Hello, I'm Mark Pearson.
There was enough uncertainty rippling through the U.S. economy this week to make financial and equity markets look downright bearish.
*For starters, Congress boosted the federal borrowing limit by $800 billion, underscoring how much the budget has spun out of control in recent years. *Consumer prices, stoked by higher costs for food and gasoline, increased in October by six-tenths of a percent. That's the biggest jump in inflation in five months. *And on Friday, Fed Chairman Alan Greenspan warned policy-makers NOT to ignore the bloated U.S. trade deficit. To do so, he says, would increase reliance on foreign investment to shore up U.S. stocks and bonds.
Easily spooked traders on Wall Street took all that news to heart and began a sell-off on Friday.
With the dollar at all-time lows against other major currencies, that's normally a sign of improving trade prospects for U.S. goods. But that's not the case for American farm exports, where a long-time trade surplus is shrinking.
That will be an issue in 2005 for some new faces in the Bush administration. As part of an exodus that included five other Cabinet members, Secretary of Agriculture Anne Veneman this week submitted her letter of resignation.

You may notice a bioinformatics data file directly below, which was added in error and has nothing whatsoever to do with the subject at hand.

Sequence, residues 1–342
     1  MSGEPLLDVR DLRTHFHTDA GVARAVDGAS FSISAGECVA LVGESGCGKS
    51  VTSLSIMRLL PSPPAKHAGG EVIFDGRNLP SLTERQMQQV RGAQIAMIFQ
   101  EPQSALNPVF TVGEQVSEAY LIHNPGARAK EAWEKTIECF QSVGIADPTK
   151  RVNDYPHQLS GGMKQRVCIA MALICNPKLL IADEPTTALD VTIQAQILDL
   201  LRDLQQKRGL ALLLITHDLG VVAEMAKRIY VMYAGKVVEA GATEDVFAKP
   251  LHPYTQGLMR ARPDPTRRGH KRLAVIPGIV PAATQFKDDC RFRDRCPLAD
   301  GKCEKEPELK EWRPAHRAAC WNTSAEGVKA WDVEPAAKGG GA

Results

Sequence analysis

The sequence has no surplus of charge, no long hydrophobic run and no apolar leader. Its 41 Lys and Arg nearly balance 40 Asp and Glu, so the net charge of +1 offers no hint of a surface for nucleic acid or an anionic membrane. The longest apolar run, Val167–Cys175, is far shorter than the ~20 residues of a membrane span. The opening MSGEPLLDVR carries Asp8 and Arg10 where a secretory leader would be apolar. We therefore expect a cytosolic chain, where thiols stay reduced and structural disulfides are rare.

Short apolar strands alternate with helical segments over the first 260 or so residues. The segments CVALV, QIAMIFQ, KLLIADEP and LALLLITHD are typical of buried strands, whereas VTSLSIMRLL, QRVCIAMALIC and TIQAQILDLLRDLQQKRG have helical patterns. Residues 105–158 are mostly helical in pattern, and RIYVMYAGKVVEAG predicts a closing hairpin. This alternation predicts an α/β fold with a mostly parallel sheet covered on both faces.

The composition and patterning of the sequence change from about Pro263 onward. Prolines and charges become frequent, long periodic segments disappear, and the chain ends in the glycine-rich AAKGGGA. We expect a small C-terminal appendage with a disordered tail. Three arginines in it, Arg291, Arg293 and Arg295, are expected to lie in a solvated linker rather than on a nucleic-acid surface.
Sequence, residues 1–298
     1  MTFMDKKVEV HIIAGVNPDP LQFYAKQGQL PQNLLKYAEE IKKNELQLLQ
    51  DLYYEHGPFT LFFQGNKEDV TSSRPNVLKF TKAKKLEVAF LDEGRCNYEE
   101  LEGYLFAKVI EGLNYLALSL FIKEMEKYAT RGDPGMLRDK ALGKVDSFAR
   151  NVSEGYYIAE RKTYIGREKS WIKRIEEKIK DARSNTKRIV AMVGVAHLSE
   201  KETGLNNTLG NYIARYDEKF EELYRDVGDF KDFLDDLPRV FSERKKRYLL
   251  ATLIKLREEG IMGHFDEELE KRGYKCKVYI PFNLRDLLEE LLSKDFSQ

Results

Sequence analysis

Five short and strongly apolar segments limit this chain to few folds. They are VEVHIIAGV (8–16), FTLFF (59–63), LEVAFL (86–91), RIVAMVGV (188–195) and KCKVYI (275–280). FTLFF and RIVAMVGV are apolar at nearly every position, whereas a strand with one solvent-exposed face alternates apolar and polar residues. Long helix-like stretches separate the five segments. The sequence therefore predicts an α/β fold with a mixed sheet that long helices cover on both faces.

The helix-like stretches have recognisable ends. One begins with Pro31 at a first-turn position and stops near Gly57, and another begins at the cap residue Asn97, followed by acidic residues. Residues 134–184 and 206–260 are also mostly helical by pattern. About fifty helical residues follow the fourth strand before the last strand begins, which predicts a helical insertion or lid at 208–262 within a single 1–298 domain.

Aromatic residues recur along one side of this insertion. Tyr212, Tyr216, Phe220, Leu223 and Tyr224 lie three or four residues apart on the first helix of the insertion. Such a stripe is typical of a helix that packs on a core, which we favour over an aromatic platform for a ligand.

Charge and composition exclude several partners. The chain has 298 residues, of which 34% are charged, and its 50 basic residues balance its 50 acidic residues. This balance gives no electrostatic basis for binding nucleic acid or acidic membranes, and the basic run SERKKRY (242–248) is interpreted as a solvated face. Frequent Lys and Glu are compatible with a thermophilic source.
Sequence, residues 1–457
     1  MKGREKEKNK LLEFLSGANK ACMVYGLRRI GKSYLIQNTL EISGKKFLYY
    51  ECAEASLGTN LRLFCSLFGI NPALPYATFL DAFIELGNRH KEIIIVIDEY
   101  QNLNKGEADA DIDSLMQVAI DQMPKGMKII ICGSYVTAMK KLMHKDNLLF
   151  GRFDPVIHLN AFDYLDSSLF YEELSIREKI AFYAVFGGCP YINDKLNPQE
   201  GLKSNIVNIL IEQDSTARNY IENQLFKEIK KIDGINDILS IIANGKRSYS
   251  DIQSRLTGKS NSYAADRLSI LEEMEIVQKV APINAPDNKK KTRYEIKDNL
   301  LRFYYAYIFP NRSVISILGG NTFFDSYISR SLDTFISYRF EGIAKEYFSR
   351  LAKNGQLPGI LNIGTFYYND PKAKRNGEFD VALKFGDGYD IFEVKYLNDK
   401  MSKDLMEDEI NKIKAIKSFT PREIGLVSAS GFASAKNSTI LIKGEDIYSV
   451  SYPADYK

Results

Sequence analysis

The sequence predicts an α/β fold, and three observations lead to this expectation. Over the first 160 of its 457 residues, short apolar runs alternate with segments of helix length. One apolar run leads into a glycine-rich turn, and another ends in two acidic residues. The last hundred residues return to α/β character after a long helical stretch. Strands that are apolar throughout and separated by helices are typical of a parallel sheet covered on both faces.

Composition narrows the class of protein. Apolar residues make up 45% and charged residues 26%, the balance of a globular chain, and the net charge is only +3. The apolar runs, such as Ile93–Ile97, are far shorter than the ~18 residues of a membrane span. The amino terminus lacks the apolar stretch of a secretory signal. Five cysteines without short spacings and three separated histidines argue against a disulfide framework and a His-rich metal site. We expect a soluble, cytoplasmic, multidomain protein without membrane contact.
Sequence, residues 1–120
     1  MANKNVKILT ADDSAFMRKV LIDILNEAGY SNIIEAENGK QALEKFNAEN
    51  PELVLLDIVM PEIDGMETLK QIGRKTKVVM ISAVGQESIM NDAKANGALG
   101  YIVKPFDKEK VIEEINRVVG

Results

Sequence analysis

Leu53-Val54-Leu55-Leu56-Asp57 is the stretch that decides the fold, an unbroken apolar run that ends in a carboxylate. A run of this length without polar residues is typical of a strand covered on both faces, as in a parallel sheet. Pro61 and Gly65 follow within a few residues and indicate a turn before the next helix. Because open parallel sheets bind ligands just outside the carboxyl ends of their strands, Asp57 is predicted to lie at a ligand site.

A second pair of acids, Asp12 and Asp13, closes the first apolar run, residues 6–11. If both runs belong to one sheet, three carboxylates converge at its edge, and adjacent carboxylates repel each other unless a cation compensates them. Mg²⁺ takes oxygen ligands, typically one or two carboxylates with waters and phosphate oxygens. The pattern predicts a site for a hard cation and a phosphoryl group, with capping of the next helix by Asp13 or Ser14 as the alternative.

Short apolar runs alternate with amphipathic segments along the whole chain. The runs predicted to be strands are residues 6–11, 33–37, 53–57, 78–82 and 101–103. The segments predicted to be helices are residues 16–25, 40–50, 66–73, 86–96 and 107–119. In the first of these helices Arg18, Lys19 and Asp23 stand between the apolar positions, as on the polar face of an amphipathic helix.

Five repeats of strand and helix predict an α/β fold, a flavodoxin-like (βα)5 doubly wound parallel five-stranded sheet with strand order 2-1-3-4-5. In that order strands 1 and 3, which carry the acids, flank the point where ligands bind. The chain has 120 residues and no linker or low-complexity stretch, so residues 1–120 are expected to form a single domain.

Serving as the nation's 27th Secretary of Agriculture, Veneman presided over the agency during a time of unprecedented concern over the safety of the nation's food supply.
Weeks after she took office in 2001, an outbreak of foot-and-mouth disease in Europe led Veneman to strengthen inspections and testing to inhibit its arrival in the U.S.
In the wake of September 11th, concerns mounted that terrorists might use agricultural goods to deliver their next attack. And late last year, America's first case of mad cow disease prompted the agriculture department to institute new testing guidelines, ban meat from non-ambulatory cows from entering the food chain and expedite the development of a national animal identification system.
Much of her tenure at the helm of USDA was consumed with trade negotiations in hopes of opening new markets for the nation's farmers and ranchers. But,
agricultural trade continues to be the key sticking point in major trade negotiations. While the U.S. historically has enjoyed a substantial trade surplus in agricultural goods, that surplus has virtually disappeared.
Nevertheless, in her resignation letter to President Bush, Veneman focused on record levels of both agricultural exports and farm income, and said the nation's farm and food sector is "stronger and more vibrant than ever before."
Veneman plans to stay at USDA until a successor is named. The short list of those mentioned as her replacement includes: Allen Johnson, the administration's current chief agricultural trade negotiator; William Hawks, USDA undersecretary for marketing and regulatory programs; Charles Kruse, President of the Missouri Farm Bureau; and several people who are, or were, members of Congress: Former Representative Larry Combest, a Texas Republican and former chairman of the House Agricultural Committee; Fellow Texan Charlie Stenholm, the current Ranking Member of the House Agriculture Committee who lost his bid for re-election earlier this month; and current U.S. Senator Ben Nelson, a democrat from Nebraska.